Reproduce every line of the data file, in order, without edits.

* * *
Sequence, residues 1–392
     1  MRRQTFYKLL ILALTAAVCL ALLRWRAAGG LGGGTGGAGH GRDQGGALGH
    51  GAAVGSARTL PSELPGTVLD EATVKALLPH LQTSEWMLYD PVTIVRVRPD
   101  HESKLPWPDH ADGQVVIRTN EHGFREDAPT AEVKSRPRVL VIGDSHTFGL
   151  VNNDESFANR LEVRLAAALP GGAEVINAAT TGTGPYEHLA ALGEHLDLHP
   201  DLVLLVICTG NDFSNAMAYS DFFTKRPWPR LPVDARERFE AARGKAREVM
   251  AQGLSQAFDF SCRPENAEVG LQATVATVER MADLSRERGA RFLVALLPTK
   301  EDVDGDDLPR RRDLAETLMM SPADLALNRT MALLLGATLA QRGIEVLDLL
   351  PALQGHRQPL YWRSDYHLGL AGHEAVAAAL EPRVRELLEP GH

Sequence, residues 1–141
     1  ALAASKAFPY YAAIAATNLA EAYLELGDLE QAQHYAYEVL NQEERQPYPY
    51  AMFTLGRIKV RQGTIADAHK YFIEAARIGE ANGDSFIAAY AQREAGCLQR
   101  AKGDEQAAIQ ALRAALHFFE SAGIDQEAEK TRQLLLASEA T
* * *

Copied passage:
Sequence, residues 1–392
     1  MRRQTFYKLL ILALTAAVCL ALLRWRAAGG LGGGTGGAGH GRDQGGALGH
    51  GAAVGSARTL PSELPGTVLD EATVKALLPH LQTSEWMLYD PVTIVRVRPD
   101  HESKLPWPDH ADGQVVIRTN EHGFREDAPT AEVKSRPRVL VIGDSHTFGL
   151  VNNDESFANR LEVRLAAALP GGAEVINAAT TGTGPYEHLA ALGEHLDLHP
   201  DLVLLVICTG NDFSNAMAYS DFFTKRPWPR LPVDARERFE AARGKAREVM
   251  AQGLSQAFDF SCRPENAEVG LQATVATVER MADLSRERGA RFLVALLPTK
   301  EDVDGDDLPR RRDLAETLMM SPADLALNRT MALLLGATLA QRGIEVLDLL
   351  PALQGHRQPL YWRSDYHLGL AGHEAVAAAL EPRVRELLEP GH

Sequence, residues 1–141
     1  ALAASKAFPY YAAIAATNLA EAYLELGDLE QAQHYAYEVL NQEERQPYPY
    51  AMFTLGRIKV RQGTIADAHK YFIEAARIGE ANGDSFIAAY AQREAGCLQR
   101  AKGDEQAAIQ ALRAALHFFE SAGIDQEAEK TRQLLLASEA T